Don't buy any of the rescue equipment you see out there like a tow tether etc. Don't try to set up a bungee system or any of that other stuff. Take a rescue course from a respectable reputable operation and then practice. Become proficient and then practice some more. Clipping in to a kayak with anything is serious.

When you show up somewhere with a rescue buoyancy aid loaded with all the stuff, people will expect that you know how to use it. If you don't, you'll only end up becoming part of the problem.
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Old 08-11-2016   #8
The Cancer Kayaker
 
Denver, Colorado
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Originally Posted by Dwave View Post
My advice...

Don't buy any of the rescue equipment you see out there like a tow tether etc. Don't try to set up a bungee system or any of that other stuff. Take a rescue course from a respectable reputable operation and then practice. Become proficient and then practice some more. Clipping in to a kayak with anything is serious.

When you show up somewhere with a rescue buoyancy aid loaded with all the stuff, people will expect that you know how to use it. If you don't, you'll only end up becoming part of the problem.

What this person said.


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Old 08-11-2016   #9
 
Wheat Ridge, Colorado
Paddling Since: 1978
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Idaho Loop

I learned to boat a long time ago, back when equipment and technique were cruder, and rolling was a little less common. Consequently, swimmers were more common. There was a rough piece that preceded modern rescue jackets that may suit your needs, but it comes with cautions. What we wore to tow back then was a loop of accessory cord, held around our waists by a carabiner. This is the caution: if that sucker snags on anything while you are upside down, you're in serious trouble, because the snag is behind you. That said, I wore one for about twenty years before my kids gave me a rescue vest, and never had a problem. Stay away from strainers (always good advice), and wear the thing so it's snug, and you should be fine.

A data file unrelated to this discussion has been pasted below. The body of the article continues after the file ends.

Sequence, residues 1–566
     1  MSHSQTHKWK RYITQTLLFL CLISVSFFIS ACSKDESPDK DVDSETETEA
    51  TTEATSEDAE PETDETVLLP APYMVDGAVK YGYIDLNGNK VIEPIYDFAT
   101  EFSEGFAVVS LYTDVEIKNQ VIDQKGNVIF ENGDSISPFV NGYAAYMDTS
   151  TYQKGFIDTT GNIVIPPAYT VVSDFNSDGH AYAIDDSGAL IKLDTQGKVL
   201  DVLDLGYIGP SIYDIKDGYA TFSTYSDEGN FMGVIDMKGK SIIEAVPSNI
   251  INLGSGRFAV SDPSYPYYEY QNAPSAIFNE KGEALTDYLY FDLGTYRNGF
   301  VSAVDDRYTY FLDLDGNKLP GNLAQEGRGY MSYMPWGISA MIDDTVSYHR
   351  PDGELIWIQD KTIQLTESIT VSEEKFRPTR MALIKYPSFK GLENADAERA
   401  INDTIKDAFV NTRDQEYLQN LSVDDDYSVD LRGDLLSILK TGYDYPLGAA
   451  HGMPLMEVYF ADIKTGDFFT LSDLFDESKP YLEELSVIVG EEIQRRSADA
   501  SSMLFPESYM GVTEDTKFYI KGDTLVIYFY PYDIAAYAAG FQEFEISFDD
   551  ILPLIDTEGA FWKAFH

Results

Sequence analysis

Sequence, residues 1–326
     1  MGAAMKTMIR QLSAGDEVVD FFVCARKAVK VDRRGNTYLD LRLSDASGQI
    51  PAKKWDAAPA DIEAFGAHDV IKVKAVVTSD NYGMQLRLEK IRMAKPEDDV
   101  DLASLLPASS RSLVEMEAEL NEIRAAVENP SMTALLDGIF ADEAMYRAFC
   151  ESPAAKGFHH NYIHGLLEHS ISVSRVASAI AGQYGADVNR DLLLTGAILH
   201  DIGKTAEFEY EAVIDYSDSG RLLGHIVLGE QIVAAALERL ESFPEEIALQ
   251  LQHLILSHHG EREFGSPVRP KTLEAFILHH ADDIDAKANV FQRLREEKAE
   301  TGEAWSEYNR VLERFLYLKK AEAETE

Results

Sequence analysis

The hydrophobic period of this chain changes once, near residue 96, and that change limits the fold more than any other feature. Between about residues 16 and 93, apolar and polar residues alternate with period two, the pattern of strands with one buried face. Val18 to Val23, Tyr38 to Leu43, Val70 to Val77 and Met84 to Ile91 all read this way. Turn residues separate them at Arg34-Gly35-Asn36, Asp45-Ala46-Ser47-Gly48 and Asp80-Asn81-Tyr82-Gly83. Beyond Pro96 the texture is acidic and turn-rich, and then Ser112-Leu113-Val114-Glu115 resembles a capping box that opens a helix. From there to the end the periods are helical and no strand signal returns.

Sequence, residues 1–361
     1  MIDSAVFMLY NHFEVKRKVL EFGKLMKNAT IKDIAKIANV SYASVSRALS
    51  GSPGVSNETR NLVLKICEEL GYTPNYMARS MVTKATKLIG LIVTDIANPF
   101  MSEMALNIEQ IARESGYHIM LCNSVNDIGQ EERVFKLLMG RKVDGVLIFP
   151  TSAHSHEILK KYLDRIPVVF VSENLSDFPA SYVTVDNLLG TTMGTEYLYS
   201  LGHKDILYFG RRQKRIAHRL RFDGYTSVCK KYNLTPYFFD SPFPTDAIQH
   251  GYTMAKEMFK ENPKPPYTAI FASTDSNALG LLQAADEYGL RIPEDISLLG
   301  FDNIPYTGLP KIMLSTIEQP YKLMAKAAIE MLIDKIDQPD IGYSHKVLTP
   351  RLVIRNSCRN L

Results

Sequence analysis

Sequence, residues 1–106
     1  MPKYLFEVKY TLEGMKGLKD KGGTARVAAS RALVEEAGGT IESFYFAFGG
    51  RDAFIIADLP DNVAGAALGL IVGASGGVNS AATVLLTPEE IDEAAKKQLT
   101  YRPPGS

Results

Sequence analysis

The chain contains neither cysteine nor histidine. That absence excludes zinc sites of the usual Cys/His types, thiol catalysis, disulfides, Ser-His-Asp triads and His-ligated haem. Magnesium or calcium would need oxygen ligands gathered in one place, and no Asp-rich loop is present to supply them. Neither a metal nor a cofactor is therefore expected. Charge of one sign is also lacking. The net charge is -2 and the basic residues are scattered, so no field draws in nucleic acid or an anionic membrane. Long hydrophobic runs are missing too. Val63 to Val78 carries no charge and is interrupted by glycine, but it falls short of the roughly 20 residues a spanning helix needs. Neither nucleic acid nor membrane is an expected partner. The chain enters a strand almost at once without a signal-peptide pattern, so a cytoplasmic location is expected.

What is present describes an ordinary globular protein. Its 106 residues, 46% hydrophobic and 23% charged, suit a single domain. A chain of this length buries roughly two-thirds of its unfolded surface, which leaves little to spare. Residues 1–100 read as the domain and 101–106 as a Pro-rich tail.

How to use it: unclip the 'biner and clip it to the boat you're rescuing. Slide the loop over your arm. It will rest in your elbow, more or less, while you're paddling. This is not entirely comfortable, and is the reason for the development of rescue vests, but it does give you more control than pushing. Then paddle the boat to an eddy, and return it to its hopefully grateful owner. All normal cautions in rescue situations apply.
How to let go of a boat that is about to drag you someplace you don't want to go: Let go of your paddle with the arm that has the loop on it. The thing will almost always just fall off at this point, but if it doesn't, point your hand down and shake. When the loop falls off, grab your paddle and get out of there. Chase the boat if you can do so safely.
Repeat after me: What is Rule 1 in resucue? Don't add to the body count.
If it looks like a bad idea, leave it. It' s a boat, not a human.
How to make it: Take a piece of 6 or 7mm accessory cord (available at outdoor stores. Parachute cord is attractively priced, but has a low breaking strength and the small diameter will cut you.) about 21/2 times your waist size. Tie it in a loop with a triple Fisherman's knot (if you measured short a double will do.) Attach your carabiner. Loop it around your waist. Adjust the knot as needed, trim and burn the ends. Take it to a flatwater session and practice clipping in to a buddy's boat from your boat. Practice in eddies on the river. Practice dropping boats when you need to. By now you have probably figured out that this is also a Prussic Loop, but that's a whole different issue. Let that one go 'til you've had a SWR course. Take one soon. Tutorial on the Double Fisherman's knot here:
Double Fisherman's Bend | How to tie a Double Fisherman's, or Grapevine, Bend | Climbing Knots